Environmental Science and Pollution Research

, Volume 21, Issue 8, pp 5575–5585 | Cite as

Mass loads of dissolved and particulate mercury and other trace elements in the Mt. Amiata mining district, Southern Tuscany (Italy)

  • V. RimondiEmail author
  • P. Costagliola
  • J. E. Gray
  • P. Lattanzi
  • M. Nannucci
  • M. Paolieri
  • A. Salvadori
Research Article


Total dissolved and particulate mercury (Hg), arsenic (As), and antimony (Sb) mass loads were estimated in different seasons (March and September 2011 and March 2012) in the Paglia River basin (PRB) (central Italy). The Paglia River drains the Mt. Amiata Hg district, one of the largest Hg-rich regions worldwide. Quantification of Hg, As, and Sb mass loads in this watershed allowed (1) identification of the contamination sources, (2) evaluation of the effects of Hg on the environment, and (3) determination of processes affecting Hg transport. The dominant source of Hg in the Paglia River is runoff from Hg mines in the Mt. Amiata region. The maximum Hg mass load was found to be related to runoff from the inactive Abbadia San Salvatore Mine (ASSM), and up to 30 g day−1 of Hg, dominantly in the particulate form, was transported both in high and low flow conditions in 2011. In addition, enrichment factors (EFs) calculated for suspended particulate matter (SPM) were similar in different seasons indicating that water discharge controls the quantities of Hg transported in the PRB, and considerable Hg was transported in all seasons studied. Overall, as much as 11 kg of Hg are discharged annually in the PRB and this Hg is transported downstream to the Tiber River, and eventually to the Mediterranean Sea. Similar to Hg, maximum mass loads for As and Sb were found in March 2011, when as much as 190 g day−1 each of As and Sb were measured from sites downstream from the ASSM. Therefore, the Paglia River represents a significant source of Hg, Sb, and As to the Mediterranean Sea.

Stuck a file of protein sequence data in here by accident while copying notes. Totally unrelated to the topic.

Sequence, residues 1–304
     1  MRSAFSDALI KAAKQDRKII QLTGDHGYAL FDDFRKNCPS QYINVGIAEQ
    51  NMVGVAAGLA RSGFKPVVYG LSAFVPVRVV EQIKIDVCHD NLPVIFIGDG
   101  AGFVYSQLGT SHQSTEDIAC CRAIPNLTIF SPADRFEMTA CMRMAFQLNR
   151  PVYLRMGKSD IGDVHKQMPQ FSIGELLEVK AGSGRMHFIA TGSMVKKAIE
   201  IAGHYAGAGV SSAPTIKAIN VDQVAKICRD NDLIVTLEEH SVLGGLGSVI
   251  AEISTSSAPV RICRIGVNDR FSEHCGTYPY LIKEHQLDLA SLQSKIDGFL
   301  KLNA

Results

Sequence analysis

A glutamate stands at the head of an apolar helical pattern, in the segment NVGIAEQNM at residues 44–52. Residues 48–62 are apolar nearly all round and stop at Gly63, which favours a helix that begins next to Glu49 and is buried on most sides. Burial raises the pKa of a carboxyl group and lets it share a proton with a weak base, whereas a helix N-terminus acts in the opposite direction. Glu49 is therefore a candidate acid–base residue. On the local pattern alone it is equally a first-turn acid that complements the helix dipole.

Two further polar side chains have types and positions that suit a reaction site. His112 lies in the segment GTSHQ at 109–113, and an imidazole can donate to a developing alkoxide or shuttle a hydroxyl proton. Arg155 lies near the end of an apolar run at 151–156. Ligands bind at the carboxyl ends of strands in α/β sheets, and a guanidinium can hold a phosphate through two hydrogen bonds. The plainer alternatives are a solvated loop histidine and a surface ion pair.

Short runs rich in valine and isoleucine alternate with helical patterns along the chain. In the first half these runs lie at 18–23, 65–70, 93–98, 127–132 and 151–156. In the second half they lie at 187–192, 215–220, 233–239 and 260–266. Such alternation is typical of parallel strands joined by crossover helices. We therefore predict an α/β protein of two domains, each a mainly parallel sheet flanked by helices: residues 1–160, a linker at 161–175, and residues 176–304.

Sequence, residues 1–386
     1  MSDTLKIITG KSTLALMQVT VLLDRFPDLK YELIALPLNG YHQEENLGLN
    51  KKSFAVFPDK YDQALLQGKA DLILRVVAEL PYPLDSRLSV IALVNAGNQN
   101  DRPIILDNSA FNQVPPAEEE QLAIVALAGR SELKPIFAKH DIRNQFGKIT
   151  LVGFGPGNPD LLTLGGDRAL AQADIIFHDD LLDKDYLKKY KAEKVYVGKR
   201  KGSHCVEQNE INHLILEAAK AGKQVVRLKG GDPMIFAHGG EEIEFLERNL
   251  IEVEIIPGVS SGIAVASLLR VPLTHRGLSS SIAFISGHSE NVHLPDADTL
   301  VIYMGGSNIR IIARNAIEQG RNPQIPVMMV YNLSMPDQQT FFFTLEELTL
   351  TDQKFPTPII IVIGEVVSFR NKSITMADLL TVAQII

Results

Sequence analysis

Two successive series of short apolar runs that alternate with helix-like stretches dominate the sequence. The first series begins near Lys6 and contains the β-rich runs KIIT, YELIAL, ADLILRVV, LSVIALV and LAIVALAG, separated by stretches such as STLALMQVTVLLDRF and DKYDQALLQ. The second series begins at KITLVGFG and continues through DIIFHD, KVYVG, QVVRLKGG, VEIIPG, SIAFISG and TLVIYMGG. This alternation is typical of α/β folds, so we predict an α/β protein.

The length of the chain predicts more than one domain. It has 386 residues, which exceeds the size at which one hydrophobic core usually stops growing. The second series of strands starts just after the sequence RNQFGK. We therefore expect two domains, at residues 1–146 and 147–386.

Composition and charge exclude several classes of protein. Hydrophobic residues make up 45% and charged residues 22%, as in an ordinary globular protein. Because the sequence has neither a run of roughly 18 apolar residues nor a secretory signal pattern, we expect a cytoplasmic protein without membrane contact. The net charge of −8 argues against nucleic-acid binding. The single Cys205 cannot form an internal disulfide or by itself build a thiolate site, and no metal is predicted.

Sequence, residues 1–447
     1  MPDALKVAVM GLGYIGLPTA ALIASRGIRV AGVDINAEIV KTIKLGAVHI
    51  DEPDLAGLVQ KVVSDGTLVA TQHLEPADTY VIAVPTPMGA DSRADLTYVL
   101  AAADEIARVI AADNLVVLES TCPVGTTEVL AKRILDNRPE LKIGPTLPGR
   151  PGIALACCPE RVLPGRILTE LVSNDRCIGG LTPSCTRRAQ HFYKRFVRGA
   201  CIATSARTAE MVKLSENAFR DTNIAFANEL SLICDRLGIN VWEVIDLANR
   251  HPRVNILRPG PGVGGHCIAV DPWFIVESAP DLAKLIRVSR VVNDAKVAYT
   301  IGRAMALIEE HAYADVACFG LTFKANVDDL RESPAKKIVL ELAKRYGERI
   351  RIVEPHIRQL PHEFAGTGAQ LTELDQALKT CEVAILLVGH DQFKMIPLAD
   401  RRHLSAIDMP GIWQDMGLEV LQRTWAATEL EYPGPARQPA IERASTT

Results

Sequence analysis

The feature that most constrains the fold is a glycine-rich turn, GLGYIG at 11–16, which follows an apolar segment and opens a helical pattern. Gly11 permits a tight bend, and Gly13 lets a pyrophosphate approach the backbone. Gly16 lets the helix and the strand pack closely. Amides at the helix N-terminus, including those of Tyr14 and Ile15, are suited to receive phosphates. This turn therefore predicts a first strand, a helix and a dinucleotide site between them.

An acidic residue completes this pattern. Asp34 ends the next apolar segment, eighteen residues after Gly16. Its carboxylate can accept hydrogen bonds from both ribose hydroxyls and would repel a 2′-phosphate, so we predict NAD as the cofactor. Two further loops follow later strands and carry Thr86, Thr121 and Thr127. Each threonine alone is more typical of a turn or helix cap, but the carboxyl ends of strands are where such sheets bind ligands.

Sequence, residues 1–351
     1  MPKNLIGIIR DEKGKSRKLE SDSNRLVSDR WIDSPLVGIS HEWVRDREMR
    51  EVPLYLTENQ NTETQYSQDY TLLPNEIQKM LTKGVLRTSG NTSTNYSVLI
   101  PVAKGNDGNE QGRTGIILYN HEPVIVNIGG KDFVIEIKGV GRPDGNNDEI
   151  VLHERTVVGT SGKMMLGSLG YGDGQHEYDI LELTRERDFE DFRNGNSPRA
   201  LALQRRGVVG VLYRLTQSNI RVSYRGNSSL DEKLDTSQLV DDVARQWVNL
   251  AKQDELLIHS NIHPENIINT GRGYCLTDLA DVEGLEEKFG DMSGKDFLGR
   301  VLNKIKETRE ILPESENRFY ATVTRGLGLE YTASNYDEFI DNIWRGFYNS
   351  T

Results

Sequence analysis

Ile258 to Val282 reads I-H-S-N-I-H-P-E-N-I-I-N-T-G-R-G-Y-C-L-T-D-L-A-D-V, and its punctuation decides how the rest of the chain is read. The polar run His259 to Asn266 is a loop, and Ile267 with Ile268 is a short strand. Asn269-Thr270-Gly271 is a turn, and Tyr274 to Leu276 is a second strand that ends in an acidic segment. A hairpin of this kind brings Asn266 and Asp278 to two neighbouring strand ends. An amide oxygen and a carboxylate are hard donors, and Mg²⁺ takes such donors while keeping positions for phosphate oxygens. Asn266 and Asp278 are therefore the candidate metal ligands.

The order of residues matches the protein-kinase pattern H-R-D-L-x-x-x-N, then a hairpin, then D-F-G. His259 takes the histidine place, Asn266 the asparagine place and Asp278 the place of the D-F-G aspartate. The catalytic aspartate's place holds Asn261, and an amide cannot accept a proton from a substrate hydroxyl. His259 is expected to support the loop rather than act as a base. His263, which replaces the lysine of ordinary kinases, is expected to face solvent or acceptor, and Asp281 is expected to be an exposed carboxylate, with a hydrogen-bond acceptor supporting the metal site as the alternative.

Mt. Amiata Hg mine Mass load Mediterranean Sea Paglia River Particulate matter 



This study was financially supported by the Ente Cassa Risparmio di Firenze, MIUR PRIN 2010–2011 (grant to P.Costagliola), and the Municipality of Abbadia San Salvatore (Italy). We acknowledge Servizio Idrografico Regionale Umbria for providing field support during the discharge measurements and Dr.ssa Francesca Podda (University of Cagliari) for providing chemical analysis of water and SPM. Daniele Rappuoli, Marcello Niccolini (Municipality of Abbadia San Salvatore), and Francesca Dughetti (University of Firenze) are gratefully thanked for their assistance during fieldwork.


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Copyright information

© Springer-Verlag Berlin Heidelberg 2014

Authors and Affiliations

  • V. Rimondi
    • 1
    Email author
  • P. Costagliola
    • 1
  • J. E. Gray
    • 2
  • P. Lattanzi
    • 3
  • M. Nannucci
    • 4
  • M. Paolieri
    • 1
  • A. Salvadori
    • 4
  1. 1.Dipartimento di Scienze della TerraUniversità di FirenzeFirenzeItaly
  2. 2.U.S. Geological Survey, MS 973, Federal CenterDenverUSA
  3. 3.Dipartimento di Scienze Chimiche e GeologicheUniversità di CagliariCagliariItaly
  4. 4.Regione ToscanaPistoiaItaly

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